Such small groupings of Christians can take place in all kinds of different ways. The Sunday School and Wednesday night "prayer meeting" were unique American ways to create this important discipleship dynamic. Today we have cell groups meeting in homes, Starbucks, or wherever the group in question feels most comfortable.
John Wesley, the father of Methodism, had smaller accountability groups where the members allowed others to ask them the most intimate of questions. Are any sins ruling over you, either in your outward living or in your inward thinking? There was no "cheap grace" or sloppy excuses for someone who really had no interest or intention of allowing God's Spirit to help them grow. There was an optimism that God could and would give them the strength to defeat temptation in their lives when it might come.
It is hard to imagine any truly healthy Christian not longing for this sort of growth. And it is hard to imagine this sort of growth taking place if a person is not willing to submit to the loving accountability of the body of Christ. Willow Creek found out that this sort of growth will not likely take place in a large "seeker sensitive" service where the sermon and worship is primarily aimed at inviting those outside the church in. Discipleship and maturation are normally the stuff of smaller groups of believers. Here we remember that the entire church of Corinth, to which Paul addresses 1 and 2 Corinthians, probably consisted of less than 50 people who could fit in a single home.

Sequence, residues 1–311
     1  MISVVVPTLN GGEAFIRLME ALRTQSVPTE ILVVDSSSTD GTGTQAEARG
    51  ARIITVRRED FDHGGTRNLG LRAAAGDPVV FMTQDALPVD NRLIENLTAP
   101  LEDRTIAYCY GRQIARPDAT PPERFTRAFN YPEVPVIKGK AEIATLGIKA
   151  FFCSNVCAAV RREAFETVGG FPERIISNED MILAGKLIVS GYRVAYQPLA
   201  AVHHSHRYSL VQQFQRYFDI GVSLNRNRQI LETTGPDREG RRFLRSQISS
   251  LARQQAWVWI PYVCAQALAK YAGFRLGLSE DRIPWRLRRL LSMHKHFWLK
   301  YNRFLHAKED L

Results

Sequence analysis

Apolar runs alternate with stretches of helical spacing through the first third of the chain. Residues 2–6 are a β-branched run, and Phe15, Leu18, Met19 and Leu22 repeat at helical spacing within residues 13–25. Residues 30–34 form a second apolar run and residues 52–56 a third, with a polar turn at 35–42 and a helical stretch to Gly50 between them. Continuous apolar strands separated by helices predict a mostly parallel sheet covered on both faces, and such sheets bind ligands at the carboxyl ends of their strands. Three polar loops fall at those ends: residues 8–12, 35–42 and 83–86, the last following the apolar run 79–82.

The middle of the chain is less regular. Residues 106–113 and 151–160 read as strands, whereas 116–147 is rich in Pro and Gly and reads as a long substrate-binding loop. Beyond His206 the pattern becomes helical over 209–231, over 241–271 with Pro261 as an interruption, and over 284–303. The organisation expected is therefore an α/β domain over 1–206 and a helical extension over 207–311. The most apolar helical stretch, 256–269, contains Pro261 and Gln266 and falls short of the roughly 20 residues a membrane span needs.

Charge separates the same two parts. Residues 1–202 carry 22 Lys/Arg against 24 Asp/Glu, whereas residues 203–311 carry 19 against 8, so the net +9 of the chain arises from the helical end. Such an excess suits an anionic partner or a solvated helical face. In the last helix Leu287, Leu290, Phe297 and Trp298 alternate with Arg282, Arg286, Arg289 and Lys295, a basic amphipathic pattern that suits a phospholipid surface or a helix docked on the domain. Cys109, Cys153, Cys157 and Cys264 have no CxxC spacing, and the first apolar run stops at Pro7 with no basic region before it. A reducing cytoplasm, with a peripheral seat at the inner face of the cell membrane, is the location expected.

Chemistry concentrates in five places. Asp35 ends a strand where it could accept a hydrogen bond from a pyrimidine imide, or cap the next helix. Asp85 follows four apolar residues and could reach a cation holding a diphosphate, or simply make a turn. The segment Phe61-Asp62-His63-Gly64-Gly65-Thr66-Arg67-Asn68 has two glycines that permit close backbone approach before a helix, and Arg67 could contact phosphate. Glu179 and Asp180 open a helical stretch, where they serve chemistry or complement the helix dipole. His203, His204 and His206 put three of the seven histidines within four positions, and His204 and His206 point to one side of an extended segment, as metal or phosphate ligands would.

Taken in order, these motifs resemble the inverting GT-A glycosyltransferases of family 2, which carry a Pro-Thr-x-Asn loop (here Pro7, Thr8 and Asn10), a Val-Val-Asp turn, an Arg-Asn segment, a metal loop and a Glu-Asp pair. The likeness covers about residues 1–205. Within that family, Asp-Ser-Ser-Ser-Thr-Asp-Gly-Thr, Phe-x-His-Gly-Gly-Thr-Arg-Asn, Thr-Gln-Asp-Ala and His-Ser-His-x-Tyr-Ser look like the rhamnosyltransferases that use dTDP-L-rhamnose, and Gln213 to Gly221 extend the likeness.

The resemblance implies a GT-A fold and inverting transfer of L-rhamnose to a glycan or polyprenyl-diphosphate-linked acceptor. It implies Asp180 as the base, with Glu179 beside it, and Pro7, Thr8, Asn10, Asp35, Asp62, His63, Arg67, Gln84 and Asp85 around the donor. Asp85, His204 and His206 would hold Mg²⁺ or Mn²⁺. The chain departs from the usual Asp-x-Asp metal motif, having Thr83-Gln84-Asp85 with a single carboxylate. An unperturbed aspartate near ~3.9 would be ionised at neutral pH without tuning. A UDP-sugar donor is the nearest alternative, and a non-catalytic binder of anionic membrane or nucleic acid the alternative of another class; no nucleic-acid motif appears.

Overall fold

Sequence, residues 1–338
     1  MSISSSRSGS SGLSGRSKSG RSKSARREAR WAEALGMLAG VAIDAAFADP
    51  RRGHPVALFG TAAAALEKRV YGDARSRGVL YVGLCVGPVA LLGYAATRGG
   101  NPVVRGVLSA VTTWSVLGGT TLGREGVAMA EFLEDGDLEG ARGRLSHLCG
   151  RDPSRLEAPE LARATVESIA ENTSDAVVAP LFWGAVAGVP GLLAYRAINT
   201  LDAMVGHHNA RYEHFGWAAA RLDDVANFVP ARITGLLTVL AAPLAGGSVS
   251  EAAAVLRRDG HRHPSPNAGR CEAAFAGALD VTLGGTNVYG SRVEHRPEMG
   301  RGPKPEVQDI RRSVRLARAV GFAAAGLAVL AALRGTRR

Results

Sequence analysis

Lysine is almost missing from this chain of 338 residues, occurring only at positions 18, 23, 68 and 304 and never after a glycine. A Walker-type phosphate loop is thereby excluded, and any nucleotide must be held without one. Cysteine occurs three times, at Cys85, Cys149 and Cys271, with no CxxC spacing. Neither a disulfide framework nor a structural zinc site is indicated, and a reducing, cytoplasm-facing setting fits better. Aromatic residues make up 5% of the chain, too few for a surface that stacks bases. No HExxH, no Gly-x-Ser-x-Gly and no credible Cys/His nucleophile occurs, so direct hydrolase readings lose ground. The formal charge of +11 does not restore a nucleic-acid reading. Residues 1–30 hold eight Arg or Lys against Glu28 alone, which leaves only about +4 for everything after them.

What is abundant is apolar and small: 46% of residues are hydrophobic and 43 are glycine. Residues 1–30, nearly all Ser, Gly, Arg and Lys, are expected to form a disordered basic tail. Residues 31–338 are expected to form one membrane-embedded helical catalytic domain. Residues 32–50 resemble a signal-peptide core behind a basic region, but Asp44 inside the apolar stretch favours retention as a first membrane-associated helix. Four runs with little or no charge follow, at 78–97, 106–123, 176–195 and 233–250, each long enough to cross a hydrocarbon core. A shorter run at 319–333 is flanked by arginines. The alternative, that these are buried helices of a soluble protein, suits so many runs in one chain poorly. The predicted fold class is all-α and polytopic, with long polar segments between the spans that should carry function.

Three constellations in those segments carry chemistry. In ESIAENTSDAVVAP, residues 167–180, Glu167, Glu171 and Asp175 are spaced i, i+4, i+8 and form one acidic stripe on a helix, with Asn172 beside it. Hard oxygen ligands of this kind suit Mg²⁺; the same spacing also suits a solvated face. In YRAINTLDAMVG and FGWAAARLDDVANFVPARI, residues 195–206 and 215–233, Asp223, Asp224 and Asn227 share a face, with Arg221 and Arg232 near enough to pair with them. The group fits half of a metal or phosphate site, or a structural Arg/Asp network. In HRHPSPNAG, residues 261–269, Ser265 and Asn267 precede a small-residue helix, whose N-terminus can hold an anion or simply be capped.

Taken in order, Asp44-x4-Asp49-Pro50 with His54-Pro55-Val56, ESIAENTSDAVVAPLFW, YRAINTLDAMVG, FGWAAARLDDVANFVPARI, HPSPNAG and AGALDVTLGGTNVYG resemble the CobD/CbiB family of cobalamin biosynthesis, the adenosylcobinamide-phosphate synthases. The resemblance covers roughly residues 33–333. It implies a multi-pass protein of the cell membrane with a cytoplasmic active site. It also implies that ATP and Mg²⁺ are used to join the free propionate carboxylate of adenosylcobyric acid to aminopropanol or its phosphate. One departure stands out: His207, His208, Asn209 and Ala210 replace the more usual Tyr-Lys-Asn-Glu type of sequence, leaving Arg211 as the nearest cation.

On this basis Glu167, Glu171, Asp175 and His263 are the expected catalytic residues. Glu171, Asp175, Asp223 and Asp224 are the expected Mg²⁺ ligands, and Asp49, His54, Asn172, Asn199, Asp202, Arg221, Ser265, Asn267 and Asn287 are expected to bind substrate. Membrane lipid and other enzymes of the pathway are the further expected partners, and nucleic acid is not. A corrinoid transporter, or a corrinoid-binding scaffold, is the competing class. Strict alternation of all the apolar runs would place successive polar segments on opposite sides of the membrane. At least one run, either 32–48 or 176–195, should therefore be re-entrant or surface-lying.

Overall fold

Starting worship groups in other places and times allows the church to be in the community even before the community comes to the church. We resist the trend of some today who seem to think that the "church" need never be in the church, so to speak, whether the church be in its own building or in a home. The church is not the world, and from the New Testament till today Christians have always made a distinction between one who believes and one who does not yet believe. While God will decide the eternal fate of us all, there is a distinction between "not yet in the church" and "in the church," and the church is "in the world but not of the world." To think otherwise is to depart from what Christians have believed for two thousand years. We'll see what staying power the new trend in thinking has!
At the same time, certain cultural trends in America afford us some great possibilities today. In a pre-modern, traditional context, we might have assumed that there was only one right way to worship--our way or the way our tradition had always done it. "We've always done it this way." In the modernist era, we became ecumenical. We wanted a worship service that appealed to everyone. And in the process, we watered down that same single service to where it was blase and appealed to no one.